In his presentation from the Customer Experience Innovation & Tech Fest 2017, Neal Ross, Director of IT & Services at Konica Minolta spoke about his idea of what a customer centric culture is, and where to focus if you want to turn your company into one that customers love doing business with. He shared excellent insights into Konica Minolta’s journey towards customer centricity and gave tangible tips to apply in your own organisation.
Here are his 3 key elements to customer centric success:
“To achieve true customer centricity these are the things you need to focus on and the order you need to do them in. People first. Educate your people, empower them and get out of their way. There’s no point in you employing someone if the first thing you’re going to do is tell them what to do; you’ve employed them because they’re good at what they do. Process. If you can improve your processes, make them available for your customers and make them actually deliver successful customer outcomes, you’ll have happy customers. It doesn’t mean you’ve got to go too far and give them free stuff – it’s about doing things right every time. Finally, you can enable both of those by adding some good technology. With technology, don’t overthink it, it doesn’t have to be that complicated. There’s some amazing technology out there, but before you leap in, think about the other two things, because technology on its own will solve absolutely nothing.” Neal Ross, Director of IT & Services at Konica Minolta.
- Empower your people
- Invest in your people. Train them well and then get out of their way and let them use their skills. Trust them to do the job they’ve been trained for.
- Hierarchical company structures don’t necessarily serve the customer best. Think about the way your company is structured and put the customer at the centre. This can be achieved by having cross-functional, agile teams and real collaboration.
- Cut all the hierarchy out wherever you can, let the people work the way they want to work. Konica Minolta’s customer facing field service force is self-directed, they are totally self-managed, they’re divided into teams and are empowered to make their own decisions. They’re trusted to do the right thing and the result is a very efficiently run field service force, and great customer service.
- Look at the KPIs you’ve set and think about them differently. Ask yourself what behaviours you want to deliver – the KPIs will drive behaviour.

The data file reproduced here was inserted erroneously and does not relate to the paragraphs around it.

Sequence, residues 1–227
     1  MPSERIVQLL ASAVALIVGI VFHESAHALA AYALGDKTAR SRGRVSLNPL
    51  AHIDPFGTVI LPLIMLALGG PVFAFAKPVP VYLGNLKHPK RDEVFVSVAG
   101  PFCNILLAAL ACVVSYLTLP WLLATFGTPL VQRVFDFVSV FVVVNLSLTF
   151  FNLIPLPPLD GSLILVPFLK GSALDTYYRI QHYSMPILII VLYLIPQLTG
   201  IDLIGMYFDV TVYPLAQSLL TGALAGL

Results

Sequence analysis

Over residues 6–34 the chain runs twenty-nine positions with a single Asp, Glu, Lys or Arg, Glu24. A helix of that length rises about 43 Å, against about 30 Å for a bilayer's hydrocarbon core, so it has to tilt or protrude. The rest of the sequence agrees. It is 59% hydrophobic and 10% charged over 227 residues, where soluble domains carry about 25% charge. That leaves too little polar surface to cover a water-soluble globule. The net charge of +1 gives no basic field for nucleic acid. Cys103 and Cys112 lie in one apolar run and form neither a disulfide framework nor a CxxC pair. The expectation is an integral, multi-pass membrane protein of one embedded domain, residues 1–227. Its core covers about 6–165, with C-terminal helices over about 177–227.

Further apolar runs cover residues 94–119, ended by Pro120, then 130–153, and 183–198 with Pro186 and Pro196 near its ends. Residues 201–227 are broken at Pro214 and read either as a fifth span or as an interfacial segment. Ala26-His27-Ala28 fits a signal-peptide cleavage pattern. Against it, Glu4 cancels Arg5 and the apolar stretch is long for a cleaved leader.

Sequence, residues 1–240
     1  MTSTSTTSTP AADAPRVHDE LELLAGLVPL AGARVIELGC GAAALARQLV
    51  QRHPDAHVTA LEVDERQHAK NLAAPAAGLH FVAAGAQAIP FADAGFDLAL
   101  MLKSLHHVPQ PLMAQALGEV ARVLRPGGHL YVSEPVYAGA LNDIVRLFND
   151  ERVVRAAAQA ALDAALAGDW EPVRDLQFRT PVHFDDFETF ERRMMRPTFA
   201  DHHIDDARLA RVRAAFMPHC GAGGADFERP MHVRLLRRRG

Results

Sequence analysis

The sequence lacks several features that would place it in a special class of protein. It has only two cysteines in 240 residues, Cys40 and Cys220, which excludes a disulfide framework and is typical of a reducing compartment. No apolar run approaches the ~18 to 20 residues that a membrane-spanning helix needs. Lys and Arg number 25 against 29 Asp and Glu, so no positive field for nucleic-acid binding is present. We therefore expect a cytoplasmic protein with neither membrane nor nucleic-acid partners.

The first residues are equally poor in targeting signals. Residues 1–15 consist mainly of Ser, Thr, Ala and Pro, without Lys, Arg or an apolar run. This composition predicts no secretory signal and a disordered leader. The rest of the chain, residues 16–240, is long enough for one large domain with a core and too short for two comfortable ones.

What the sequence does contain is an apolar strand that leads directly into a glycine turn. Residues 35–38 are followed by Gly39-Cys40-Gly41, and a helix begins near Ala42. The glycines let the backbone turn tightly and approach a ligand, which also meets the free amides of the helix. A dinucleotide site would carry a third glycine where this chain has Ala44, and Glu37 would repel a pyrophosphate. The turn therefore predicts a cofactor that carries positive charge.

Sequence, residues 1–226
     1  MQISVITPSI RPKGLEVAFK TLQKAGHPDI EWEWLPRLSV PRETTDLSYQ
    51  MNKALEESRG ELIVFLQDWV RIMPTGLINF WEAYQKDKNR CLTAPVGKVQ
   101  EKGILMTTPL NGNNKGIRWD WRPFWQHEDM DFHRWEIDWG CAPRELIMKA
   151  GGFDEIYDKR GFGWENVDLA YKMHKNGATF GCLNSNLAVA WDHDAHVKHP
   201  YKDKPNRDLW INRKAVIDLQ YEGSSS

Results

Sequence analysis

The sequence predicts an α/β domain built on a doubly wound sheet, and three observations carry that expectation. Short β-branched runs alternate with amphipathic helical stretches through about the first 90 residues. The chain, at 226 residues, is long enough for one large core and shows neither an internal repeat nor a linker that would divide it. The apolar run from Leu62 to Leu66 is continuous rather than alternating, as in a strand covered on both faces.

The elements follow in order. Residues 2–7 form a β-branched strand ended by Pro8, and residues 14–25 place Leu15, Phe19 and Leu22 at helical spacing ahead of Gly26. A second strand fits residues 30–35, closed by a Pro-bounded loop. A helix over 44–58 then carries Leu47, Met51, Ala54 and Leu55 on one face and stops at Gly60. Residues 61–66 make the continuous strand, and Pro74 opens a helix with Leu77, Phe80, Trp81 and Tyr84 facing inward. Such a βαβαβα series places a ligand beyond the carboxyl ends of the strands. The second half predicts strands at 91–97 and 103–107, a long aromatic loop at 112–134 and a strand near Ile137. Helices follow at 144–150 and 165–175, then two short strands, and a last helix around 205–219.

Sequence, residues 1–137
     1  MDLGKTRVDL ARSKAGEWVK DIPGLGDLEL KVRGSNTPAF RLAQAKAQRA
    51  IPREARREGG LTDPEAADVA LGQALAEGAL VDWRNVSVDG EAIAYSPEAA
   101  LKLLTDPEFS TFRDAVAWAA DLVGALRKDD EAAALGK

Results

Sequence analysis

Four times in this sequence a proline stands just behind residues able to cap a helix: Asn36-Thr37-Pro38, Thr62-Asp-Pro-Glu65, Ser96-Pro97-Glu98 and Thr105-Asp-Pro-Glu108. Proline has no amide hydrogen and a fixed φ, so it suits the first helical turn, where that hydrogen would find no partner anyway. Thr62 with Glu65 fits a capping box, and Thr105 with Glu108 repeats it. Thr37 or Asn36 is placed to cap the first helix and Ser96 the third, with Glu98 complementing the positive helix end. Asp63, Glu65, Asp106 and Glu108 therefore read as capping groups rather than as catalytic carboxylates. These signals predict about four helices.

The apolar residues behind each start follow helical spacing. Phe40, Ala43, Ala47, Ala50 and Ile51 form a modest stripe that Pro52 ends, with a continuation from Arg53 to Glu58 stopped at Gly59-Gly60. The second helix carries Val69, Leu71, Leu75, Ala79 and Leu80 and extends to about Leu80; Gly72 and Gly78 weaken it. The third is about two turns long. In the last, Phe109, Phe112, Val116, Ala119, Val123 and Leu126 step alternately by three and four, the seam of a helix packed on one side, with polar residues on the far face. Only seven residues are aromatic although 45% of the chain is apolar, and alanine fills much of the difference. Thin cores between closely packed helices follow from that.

- Check and improve your processes
- Break bad processes and do sensible things instead. In business, we’re all happy doing things right, but are you doing the right things? If you think about that in relation to every process you’re involved in at work, then consider who created that process and why are you doing it? Most of us spend our lives just blindly following processes just because they exist.
- Who is your process for? Processes should exist to deliver a successful outcome for your customer. if your processes don’t add value for your customer, or they’re not required for compliance, stop doing them, they’ve got no value.
- Allow your people to create their own processes in the language they’re used to
- Empowerment in process says: “Let’s change this to something that’s meaningful, something that’s going to be efficient and something which crosses functional boundaries.”
- If your process only lives inside one function or business unit, it’s not a real process; it needs to be enterprise-wide.
- Konica Minolta have insourced their call centre. These people have the biggest touch point with your customers, bar none. 81% of people now prefer self-service, if they can get it. This means that customers are now solving their own problems where they can. So when your helpdesk gets a call, the problem is a lot more complicated than it used to be. Make sure that you invest in contact centres so that they have good staff.
- There are amazing technology options, but before you leap in, think about the first two things, because technology on its own won’t solve anything.
- NPS: If you’re going to use it, integrate it into your systems so it’s fully closed loop. When you loop back into your service and sales system you can really act on the comments you get back.
- Knowledge management: have you documented your people’s tacit knowledge on all things customer-facing? This is important so that your helpdesk people coming into the organisation can pick that up and use it.
For more insights and to listen Neal’s full presentation synced with slides click here.
About the Speaker
Neal Ross is the Director, IT & Services at Konica Minolta.
He is passionate about transforming business through customer centric people, process and technologies. An IT & Services business leader with over 20 years’ experience of delivering successful customer outcomes, business improvement & value.